Congrats to all the excellent students and teachers of Whitehorse, Yukon, Canada for their wonderful performances in the Whitehorse Rotary Music Festival where I was the adjudicator. Every student played very well and all the students had good foundation music skills. There is some real talent up north. From solo classical guitar, to duets and large ensembles, I was very impressed with the playing.
Some more tips:
I was impressed with everyone’s phrasing, general technique, and guitar positions. Left hand technique was particularly in order for most students.
- Musicality first, then technique: Figure out how a piece should sound by singing it, researching it, and listening to other examples of music by the same composer or era (YouTube is a great resource for this). Once you know how it should sound then get to work using your technique on guitar to accomplish the musical sound you are after.
- Let musicality help your technique: For example, if there is a big shift after a phrase maybe easing off the rhythm at the end of the phrase will make the shift easier and also make the phrase more clear to the listener. It’s a win-win situation!
- Articulation: Not all notes have to sound the same. You should experiment with musical ideas aimed at making the music interesting. For example, not all music needs to be legato, some notes could be detached or staccato for contrast. Also, rests should sometimes be strictly observed. Don’t worry, if you do something too weird your teacher will let you know.
- Hierarchy: Not all notes are equally important. There are strong notes, destination notes, weaker accompaniment notes, accented notes, etc. Figure out which notes are important and which ones are not… For example, in twinkle twinkle little star you would not sing it as twin-CKLE twin-CKLE. The accent is more on TWIN-kle TWIN-ckle. So when you play you should imitate the natural sound and accents of the words and not play every note the same.
- Shaping: Consider how you would sing a melody. You would rarely sing the first note of a phrase super loud or sing all the notes at the same volume. Remember to over-exaggerate the dynamic shaping (think of how actors need to over-exaggerate their voice on stage).
- Make a checklist for your performances: Make a checklist of things you need to remember before you play. Things such as: relax the shoulders, sit up straight, ease into the music, cue the beginning of phrases, use a good right-hand position. Sometimes, just remembering a few things can really make a big difference to a performance.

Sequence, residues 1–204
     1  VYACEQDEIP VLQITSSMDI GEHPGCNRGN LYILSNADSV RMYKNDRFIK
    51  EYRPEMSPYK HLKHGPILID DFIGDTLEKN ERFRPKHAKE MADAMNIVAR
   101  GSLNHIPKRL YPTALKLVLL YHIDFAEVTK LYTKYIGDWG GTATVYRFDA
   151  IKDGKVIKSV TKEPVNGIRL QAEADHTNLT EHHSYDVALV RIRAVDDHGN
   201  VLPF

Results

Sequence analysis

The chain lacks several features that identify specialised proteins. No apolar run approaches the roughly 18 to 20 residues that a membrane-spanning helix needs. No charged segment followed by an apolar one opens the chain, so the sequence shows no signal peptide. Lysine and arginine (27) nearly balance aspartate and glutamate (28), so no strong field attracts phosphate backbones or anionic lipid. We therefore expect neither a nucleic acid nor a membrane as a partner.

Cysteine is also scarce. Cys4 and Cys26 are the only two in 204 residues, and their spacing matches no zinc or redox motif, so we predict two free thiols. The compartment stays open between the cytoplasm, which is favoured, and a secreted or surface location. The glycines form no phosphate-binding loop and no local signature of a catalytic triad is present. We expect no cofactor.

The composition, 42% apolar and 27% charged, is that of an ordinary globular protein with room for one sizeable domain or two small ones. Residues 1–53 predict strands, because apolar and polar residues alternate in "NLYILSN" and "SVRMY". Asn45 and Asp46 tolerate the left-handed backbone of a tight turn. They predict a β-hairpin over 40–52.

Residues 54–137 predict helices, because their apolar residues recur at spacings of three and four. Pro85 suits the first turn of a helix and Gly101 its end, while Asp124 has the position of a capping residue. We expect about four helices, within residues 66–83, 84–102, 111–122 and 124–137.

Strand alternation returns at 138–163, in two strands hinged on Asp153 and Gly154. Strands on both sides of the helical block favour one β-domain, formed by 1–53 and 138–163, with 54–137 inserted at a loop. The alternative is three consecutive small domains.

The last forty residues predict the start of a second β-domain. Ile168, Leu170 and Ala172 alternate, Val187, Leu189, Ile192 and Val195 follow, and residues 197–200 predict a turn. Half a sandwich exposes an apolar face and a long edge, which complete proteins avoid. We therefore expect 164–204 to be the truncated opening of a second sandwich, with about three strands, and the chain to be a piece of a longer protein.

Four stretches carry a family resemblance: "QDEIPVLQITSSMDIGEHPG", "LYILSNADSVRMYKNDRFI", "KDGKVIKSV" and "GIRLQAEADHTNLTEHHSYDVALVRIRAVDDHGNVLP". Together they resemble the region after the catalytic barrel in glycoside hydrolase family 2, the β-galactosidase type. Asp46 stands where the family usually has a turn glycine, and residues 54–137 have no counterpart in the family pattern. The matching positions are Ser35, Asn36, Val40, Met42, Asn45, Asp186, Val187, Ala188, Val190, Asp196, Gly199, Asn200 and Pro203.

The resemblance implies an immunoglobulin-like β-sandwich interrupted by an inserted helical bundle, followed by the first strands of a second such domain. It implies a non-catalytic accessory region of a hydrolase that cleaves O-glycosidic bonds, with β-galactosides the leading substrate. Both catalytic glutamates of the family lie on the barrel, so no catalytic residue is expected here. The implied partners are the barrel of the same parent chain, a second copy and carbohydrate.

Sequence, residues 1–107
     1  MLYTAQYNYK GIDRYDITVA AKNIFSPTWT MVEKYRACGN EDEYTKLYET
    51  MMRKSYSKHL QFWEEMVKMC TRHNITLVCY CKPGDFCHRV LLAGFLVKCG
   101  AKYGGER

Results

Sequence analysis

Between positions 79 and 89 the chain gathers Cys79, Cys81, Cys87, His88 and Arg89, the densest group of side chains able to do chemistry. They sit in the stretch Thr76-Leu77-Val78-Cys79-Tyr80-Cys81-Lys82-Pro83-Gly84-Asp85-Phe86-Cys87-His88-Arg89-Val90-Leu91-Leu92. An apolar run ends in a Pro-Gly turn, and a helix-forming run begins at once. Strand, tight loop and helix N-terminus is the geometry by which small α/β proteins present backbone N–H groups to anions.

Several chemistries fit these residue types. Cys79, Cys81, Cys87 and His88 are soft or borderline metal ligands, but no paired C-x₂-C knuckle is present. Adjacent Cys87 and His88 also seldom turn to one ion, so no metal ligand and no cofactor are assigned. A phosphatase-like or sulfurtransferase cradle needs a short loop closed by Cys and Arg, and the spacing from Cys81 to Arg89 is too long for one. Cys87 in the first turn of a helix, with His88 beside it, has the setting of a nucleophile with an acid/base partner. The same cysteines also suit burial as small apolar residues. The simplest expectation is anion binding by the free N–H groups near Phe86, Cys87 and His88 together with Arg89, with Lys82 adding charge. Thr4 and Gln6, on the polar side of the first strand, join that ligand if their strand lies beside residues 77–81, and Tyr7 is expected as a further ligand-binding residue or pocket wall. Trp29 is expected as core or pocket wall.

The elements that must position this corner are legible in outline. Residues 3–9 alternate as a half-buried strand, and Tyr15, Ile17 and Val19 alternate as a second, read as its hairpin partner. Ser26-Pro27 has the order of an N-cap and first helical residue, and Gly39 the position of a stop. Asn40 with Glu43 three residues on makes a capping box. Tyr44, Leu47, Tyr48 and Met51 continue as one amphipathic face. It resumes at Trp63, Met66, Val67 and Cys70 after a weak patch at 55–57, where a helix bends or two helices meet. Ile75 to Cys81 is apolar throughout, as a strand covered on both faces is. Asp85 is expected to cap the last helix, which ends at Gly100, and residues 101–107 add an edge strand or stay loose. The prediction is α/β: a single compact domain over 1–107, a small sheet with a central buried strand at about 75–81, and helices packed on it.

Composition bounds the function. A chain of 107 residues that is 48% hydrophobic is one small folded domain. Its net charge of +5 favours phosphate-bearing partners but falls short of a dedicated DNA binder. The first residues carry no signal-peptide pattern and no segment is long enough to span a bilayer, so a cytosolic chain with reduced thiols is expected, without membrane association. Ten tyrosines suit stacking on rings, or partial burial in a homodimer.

- Reading: I was so impressed with the playing in Whitehorse that I didn’t talk much about reading music. However, written music is the universal language used by musicians to communicate, it is also a solid gateway to understanding music theory. Composers communicate music to musicians through written music so you’ll want to get very familiar with it if you want to correctly interpret a composer’s music. The higher level you become the more important reading will likely become. Notation is not perfect, there is always much interpretation involved but it is your roadmap and contains many secret clues to the meaning of the music.
- Technique: Practicing technique and fingerboard harmony is like practicing ALL pieces. If your technique is in top shape than you can be assured that you will play well. Practice technique at the start of your practice session so your hands will remember all the accuracy and precision when you switch to pieces.
- Rest-stroke or free-stroke? There is little difference between the two types of strokes so regardless of what type of stroke you use you still have to listen to the result of each. Don’t let rest-strokes sound too heavy or clunky, lighten them up if you need to glide through a phrase. In general, I would get comfortable with both types of strokes as there are times when each will be needed.
As I said, I thought everyone had good left hand technique and phrasing, congrats. Here are some more articles related to the sessions we had. Also, the beginner students may want to check out the basic sitting position video below just as a reminder.